Tuesday, April 06, 2010

photo of the day: public service announcement

So today we're going to add something to the collective knowledge base and I'm going to pass on a handy tip so you can avoid my rookie mistake. Here we go.
I talk all the time about changing your perspective, seeing things differently, looking for a new shot or angle. However. Turning your camera so it's crooked is not the answer. A BAD PICTURE IS STILL A BAD PICTURE EVEN THOUGH YOUR CAMERA IS AT AN ANGLE. If the photo is boring, turning the camera all wonkified isn't going to change that. Get a different subject, get rid of distracting backgrounds, whatever. Don't just turn your camera slightly and call it "arty." It's not arty. It's lazy.
Exhibits A-E:
vintage porkchop
This picture is about 8 years old and was taken with a point and shoot, so, um, I'm sorry. But seriously: what exactly does the angle accomplish here other than chopping off her hand? Expression is good, light is decent; make this a vertical and it would be frame-able. As it is, this picture is stuck in limbo.

le cake
It looks like the cake is about to fall off the plate.

shoes one
See? Angle does NOT equal artistic. Nor does uber-crappy vignetting.

And again!

amongst the greenery
Gah! If I had walked in front of him a tiny bit so the background was filled with green and then turned it so the camera was straight, this image would be awesome. As it is...eh.

So I took all these pictures, ok? I just went and pulled them off my flickrstream. LEARN FROM IT, people. I've exposed my lameness (and there's more where that came from) and don't let this public humiliation be in vain. Straighten those cameras and make your subject the interesting part.

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Friday, March 26, 2010

photo of the day: thirds

Last week was career day for Wicomico County freshmen at Salisbury University, and I was privileged to present for (I think) the third year in a row. I'm supposed to talk about what it takes to have my career (photographer) and I do, but I like to take a good portion of the time and show the kids simple ways to make their photos more effective. After all: they're the same age I was when I picked up my first real camera, and about 95% of them have access to a camera of some kind (I asked). So anyway, I went over several points with them, and thought I'd share at least one of my examples here: the rule of thirds.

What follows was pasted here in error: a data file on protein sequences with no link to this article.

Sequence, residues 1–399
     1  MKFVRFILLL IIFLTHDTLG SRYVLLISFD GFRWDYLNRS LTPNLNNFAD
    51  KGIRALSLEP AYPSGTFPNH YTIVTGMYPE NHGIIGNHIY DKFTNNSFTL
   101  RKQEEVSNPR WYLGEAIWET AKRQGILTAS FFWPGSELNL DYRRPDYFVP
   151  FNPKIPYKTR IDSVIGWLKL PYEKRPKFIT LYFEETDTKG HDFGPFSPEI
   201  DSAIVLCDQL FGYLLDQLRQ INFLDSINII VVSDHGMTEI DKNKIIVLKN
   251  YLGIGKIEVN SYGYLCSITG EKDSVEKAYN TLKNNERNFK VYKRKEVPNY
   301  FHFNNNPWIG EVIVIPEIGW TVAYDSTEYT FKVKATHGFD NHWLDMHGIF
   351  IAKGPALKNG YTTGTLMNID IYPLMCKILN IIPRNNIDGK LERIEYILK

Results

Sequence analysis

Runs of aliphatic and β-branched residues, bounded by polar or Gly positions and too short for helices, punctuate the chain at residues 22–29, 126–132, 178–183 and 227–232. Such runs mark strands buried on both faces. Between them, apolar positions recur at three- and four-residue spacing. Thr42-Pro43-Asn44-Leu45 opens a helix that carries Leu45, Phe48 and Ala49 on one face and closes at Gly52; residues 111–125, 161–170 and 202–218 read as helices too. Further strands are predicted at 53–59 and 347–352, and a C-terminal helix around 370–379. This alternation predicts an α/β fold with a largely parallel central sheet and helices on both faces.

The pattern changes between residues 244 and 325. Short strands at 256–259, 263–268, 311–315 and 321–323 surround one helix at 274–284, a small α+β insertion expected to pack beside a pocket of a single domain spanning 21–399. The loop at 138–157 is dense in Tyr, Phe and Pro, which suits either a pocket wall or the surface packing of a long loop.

If you've messed about with photography at all you've almost certainly heard of the rule of thirds--place your focal point on the third line instead of in the middle--so it's nothing revolutionary. I actually had a hard time finding illustrations for this point, since I almost inevitably shoot with lots of negative space in my images. But then I happened across this pair of pictures, and they're an excellent example of several things, not just the rule of thirds.

Part of being a photographer is choosing what to show in photos, and a good photographer can make a really bad venue look impressive. I was shooting at the Atlanta Botanical Gardens here, but as you can see from the first image, it's still possible to make an incredibly beautiful location look lame! Distracting foreground, unattractive walls, and a bland pose combine to make the first photo incredibly eh. (Yes, "eh" is a technical term.)

So I moved a little closer, stood up a little taller, turned my camera to make a vertical instead of horizontal, and added action to the photo, and it turned into one of my all-time favorite images. I mean, look at that expression on the left! Gold!



So I guess I'll sum up this post (and this week!) by telling you what I told the kids last week: I don't care what kind of a photographer you want to be; your job is to see things differently. If you see the way everyone else sees your photos will look like everyone elses. Push yourself to see in a new way.

See differently, people.

PS: I have three photoshoots lined up for the weekend, so there will be much activity next week! It's getting to be wedding season again, so we'll see if I actually manage to keep posting with any kind of consistency at all. But being busy is a good problem to have, right?

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